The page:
One of the tangible tidbits I picked up in grad school was: when we put on a show, we need to have a good reason for doing it.
Why share this story right here, right now? Why share it with this audience?
Why, why, WHY was also the word running through my mind while watching Broadway's The Front Page
(free tickets courtesy of my cousin Rebecca which was very nice).
The curtain lifts on a scene of about a thousand men (or nine, same diff) talking all at once -> a rocket fueled by testosterone. This pandemonium is only broken by the occasional entrance of a NEW man (often a celebrity), with the obligatory pause for applause. This is some vintage sausage party, circa 1928, to be exact.
The first woman that arrives is the old cleaning lady, who is picked on, flirted with, and eventually carried off-stage. The second woman is a sex-worker. She is understandably upset because her boyfriend is about to be hung, but because she is expressing emotion, she is ridiculed, and when she leaves the stage, one of the thousand newspaper men says, "what a nervy bitch." Luckily, this line resulted in only one uncomfortable guffaw from the tired and confused audience.
There is also a comedic ingenue figure, and her old mother, who later in the play is taken away to possibly be murdered? (This is a comedy btw). No one really cares, but in the end she is all right. The "nervy bitch" DOES end up jumping from the window in front of our eyes...but other than a barely heard "I think she's still breathing..." - the only line from newsman #7 - as the men rush offstage, we never learn her ultimate fate.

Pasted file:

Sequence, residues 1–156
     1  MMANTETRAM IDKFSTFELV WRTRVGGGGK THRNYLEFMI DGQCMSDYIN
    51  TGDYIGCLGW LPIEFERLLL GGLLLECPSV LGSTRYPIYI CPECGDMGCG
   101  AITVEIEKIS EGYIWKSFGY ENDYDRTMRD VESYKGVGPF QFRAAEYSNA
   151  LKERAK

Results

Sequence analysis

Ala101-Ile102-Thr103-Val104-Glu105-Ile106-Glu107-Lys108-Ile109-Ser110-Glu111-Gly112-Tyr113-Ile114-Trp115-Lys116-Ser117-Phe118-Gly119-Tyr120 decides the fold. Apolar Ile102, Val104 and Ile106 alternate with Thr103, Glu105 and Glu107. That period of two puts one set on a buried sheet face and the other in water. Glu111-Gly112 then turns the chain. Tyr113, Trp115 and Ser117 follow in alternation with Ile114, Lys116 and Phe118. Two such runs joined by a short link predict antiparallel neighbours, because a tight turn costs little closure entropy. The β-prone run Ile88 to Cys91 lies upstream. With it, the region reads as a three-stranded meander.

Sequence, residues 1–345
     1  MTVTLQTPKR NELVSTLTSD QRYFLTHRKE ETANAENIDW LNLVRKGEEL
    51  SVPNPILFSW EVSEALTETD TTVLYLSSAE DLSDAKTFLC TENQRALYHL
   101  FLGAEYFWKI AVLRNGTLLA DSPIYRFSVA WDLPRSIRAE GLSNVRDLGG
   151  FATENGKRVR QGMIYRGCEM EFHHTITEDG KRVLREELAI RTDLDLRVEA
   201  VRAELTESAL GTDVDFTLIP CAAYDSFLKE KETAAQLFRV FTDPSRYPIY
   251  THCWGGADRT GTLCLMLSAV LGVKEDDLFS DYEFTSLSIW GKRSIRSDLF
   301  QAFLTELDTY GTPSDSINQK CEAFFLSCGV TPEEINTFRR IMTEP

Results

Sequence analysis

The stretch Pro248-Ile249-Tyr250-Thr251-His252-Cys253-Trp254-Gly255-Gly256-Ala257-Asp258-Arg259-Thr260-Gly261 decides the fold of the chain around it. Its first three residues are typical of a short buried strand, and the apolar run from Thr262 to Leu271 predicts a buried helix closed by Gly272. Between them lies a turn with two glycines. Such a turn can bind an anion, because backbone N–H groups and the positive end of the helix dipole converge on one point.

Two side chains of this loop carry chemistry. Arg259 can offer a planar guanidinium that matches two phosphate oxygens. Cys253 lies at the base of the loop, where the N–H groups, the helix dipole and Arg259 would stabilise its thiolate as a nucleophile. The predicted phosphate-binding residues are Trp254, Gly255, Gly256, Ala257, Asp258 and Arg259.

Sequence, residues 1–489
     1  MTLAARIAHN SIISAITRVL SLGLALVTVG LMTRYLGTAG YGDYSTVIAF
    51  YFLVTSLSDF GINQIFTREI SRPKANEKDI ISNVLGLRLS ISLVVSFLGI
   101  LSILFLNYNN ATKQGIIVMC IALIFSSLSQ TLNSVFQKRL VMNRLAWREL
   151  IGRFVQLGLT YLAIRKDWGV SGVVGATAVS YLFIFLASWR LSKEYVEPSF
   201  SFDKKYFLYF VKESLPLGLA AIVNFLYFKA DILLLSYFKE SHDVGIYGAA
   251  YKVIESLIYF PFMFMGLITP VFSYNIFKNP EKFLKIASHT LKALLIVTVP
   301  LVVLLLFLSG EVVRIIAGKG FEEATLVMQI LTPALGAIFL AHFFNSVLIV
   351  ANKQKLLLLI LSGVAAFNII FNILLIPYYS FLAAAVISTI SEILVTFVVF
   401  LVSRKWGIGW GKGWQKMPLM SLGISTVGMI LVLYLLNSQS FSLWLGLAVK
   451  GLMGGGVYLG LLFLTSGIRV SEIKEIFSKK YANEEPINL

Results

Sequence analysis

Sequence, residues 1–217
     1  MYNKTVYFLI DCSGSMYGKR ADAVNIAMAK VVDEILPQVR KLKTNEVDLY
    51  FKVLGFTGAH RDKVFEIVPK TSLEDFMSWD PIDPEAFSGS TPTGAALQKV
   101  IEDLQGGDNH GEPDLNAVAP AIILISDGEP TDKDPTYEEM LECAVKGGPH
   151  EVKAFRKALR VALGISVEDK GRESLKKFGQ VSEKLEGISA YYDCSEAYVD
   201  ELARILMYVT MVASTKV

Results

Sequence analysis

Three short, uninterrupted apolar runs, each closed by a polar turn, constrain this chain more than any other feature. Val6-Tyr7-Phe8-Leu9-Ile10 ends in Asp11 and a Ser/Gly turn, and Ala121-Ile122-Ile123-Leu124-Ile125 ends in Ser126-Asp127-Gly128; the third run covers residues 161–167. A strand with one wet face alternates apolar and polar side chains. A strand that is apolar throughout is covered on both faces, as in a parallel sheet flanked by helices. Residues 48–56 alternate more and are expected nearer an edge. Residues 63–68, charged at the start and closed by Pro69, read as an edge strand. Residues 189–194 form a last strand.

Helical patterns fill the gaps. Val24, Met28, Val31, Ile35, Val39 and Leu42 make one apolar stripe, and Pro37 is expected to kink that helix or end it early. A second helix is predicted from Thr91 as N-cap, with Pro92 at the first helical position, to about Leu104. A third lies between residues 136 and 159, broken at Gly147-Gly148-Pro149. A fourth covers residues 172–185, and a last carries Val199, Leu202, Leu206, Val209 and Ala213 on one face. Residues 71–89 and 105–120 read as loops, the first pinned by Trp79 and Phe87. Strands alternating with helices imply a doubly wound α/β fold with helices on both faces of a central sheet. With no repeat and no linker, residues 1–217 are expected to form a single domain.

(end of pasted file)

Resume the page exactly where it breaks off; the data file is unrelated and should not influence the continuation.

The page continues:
PLUS, the RACISM.
Plus, the show is all over the place dramaturgically and tonally. If a new playwright were to submit this to festivals and conferences today, they wouldn't have a chance.
So I guess it was produced because, with all the male characters, this was a nice vehicle for giving some old white men movie stars a job. There certainly isn't enough opportunity for them!
And/or, the producers knew that a list of big names, topped with Nathan Lane and John Slattery, would bring in the tourists, and the money. The whole celebrity on Broadway phenomenon is great on one hand, because it draws new audiences to experience live performance, and this is important for the sustainability of the art form. However, next time, can someone also ask the higher moral questions? Even though this old play has great roles for stars, is the sexist, racist, dusty, and antiquated content worth it? Is this something we want to put out into the world? I wonder, with all the plays that have been written, and all the plays that are being written by astonishing playwrights of color, playwrights of different genders, AT THIS MOMENT...that the producers couldn't have found a better vehicle, a better way to lull the tourists in?
Did this show change us for the better, in the here and now? I don't think so. And this should always be theater's super objective.